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Monitoring the pulse of the City jobs market for eight years

Financial services job opportunities in 2011 fell compared to 2010, but higher than 2009

Morgan McKinley’s London Employment Monitor registered a year-on-year decrease in total job opportunities in 2011 of 8% and a fall of 43% compared to 2006

Month-on-month, there was a 36% decline in new financial services job opportunities in December 11

Compared to the same month last year, this was also a 30% decrease on the number of available roles in the financial services sector

December 11 also saw the number of professionals looking for new positions fall by 40% month-on-month and 7% compared to the same time last year

The time taken to fill vacant roles in December 11 rose by 6 days month-on-month to 61 days

For those starting new jobs in December 11, the average salary fell by 8% compared to those beginning roles in November 11.

The Morgan McKinley London Employment Monitor in 2011 registered a year-on-year decrease of 8% from 61,671 to 56,587 financial services job opportunities. Compared to 2009, job availability rose by 36%, although it was a 43% decrease from 2006 when hiring activity was almost at its peak in the financial services sector with 99,351 positions available across the London market.

Month-on-month there was a 36% decline in the number of available jobs across London’s financial services sector from 2,725 to 1,733 in December 11.  Compared to December 10 this was a drop of 30% from 2,457.

The number of professionals looking for new roles in financial institutions in December 11 fell monthly by 40% from 9,675 to 5,802. However compared to the same month last year, the number fell by a more modest 7% from 6,270 professionals.

Andrew Evans, COO, Morgan McKinley Financial Services commented:

“Now that Morgan McKinley has been measuring job opportunities in the London financial services sector for eight years, we are well positioned to illustrate the meteoric rise of the financial services hiring market, followed by the dramatic effects of the credit crunch starting in 08 (Chart 1).  Comparing 2011 to the previous year shows that job opportunities fell by 8% and a much larger 43% drop compared to 2006 when financial services hiring was peaking.  This pattern of hiring strongly reflects the shape of the global economy over these years. 

“Returning to December 11 – job availability was at its lowest monthly level for the whole calendar year.  This is partly because December typically sees a fall in job opportunities as it is a shorter working month due to the festive period.  However taking this into account, December 11 represented an even greater slowdown than expected in financial institutions’ hiring activity across London.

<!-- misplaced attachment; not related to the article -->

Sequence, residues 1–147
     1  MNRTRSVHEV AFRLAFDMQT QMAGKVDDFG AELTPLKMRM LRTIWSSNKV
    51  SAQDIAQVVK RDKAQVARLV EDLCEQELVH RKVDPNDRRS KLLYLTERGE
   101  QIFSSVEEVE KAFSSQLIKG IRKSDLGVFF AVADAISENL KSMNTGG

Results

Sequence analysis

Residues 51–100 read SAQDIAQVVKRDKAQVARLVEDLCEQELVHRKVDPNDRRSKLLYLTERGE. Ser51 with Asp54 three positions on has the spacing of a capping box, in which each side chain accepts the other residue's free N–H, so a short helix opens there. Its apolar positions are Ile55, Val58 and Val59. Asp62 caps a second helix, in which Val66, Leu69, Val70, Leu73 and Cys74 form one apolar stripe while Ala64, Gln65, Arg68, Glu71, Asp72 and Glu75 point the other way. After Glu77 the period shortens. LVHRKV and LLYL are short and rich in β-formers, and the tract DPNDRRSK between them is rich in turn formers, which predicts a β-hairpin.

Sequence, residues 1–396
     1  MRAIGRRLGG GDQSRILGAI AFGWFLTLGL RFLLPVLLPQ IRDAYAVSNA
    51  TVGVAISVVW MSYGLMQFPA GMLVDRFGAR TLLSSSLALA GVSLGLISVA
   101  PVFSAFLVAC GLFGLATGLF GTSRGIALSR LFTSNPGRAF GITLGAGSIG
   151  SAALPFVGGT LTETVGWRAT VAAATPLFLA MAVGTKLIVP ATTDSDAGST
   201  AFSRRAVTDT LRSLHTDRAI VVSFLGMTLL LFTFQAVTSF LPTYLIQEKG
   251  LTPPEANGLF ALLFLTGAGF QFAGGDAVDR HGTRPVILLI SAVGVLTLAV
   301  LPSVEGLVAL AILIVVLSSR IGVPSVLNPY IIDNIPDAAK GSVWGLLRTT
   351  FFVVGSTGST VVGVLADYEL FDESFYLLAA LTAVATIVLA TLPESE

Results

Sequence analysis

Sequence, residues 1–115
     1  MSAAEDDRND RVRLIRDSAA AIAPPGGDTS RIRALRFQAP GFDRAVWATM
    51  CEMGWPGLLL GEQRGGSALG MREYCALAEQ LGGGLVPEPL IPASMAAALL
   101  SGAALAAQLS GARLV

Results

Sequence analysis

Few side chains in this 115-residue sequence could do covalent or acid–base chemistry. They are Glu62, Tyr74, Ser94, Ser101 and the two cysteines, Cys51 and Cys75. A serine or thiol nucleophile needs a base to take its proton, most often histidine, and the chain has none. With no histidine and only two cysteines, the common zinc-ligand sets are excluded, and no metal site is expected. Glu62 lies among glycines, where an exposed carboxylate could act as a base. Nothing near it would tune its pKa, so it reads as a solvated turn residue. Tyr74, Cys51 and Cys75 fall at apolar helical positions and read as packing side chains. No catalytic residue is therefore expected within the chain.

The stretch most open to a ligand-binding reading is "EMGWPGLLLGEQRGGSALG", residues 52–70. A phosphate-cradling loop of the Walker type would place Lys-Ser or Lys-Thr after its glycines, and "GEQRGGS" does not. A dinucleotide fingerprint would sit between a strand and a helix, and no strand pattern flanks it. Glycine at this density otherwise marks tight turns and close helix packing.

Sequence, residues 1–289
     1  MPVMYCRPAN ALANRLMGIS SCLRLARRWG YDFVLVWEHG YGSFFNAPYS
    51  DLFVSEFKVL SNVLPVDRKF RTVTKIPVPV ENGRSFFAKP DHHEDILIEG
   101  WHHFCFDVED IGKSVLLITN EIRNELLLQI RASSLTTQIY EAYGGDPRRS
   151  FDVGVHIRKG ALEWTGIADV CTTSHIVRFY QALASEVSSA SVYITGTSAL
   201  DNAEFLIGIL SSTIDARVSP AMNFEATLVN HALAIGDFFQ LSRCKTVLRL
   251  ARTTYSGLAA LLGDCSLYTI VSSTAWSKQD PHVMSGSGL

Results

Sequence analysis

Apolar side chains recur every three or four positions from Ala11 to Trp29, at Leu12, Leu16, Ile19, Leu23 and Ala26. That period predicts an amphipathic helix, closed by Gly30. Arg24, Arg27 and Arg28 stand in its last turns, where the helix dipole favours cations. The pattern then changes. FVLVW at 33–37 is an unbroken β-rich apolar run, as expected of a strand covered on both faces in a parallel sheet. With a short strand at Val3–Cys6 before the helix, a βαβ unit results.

“As mentioned in previous Employment Monitors, onging issues in the eurozone, compounded by turbulence in financial markets sent shockwaves through financial institutions in Q3 11 and Q4 11, rendering the hiring market very subdued, particularly in the wind down towards Christmas.  Sentiment from hiring managers remained highly cautious in December 11, influenced by well-documented volatility across financial markets plus announcements of potential lay-offs.  This has had a clear effect on professionals’ confidence in the jobs market, with a 40% drop in those who were active in the hiring market in December 11.”

Recruitment timescales lengthen

The time taken to place financial services professionals in new roles increased by 6 days in December 11 to reach 61 days.  The average salary for those starting new roles across the City was &pound47,565 in December 11 – a drop of 7% compared to those taking up new jobs in November 11.

Andrew Evans continued:

“The increase in the time taken to fill job opportunities from 55 to 61 days – the longest period since February 11 – highlights the challenges that exist in managing professionals through the process of securing a new role.  Whilst it is usual to see recruitment processes in some institutions speed up to get key hires on board towards the end of year, evidence in December 11 points towards the opposite with even longer job sign-off and interview processes.  As we have noted previously, the City hiring market thrives on confidence, and there is currently a distinct lack of confidence amongst hiring managers.

“Referring back to the last eight years of the London Employment Monitor, we look with interest to see how 2012 will pan out.  Anecdotal evidence from the City’s major employers indicates that the first half of 2012 may be slightly better than H1 11, but visibility remains limited.  Looking at recent history, even in the & lsquo;rebound’ year of 2010, the overall volume of jobs released (61,671) was so far below 2007 job numbers (114,471) that it begs the question we are regularly asked: will London financial services hiring ever return to the same level of activity?”


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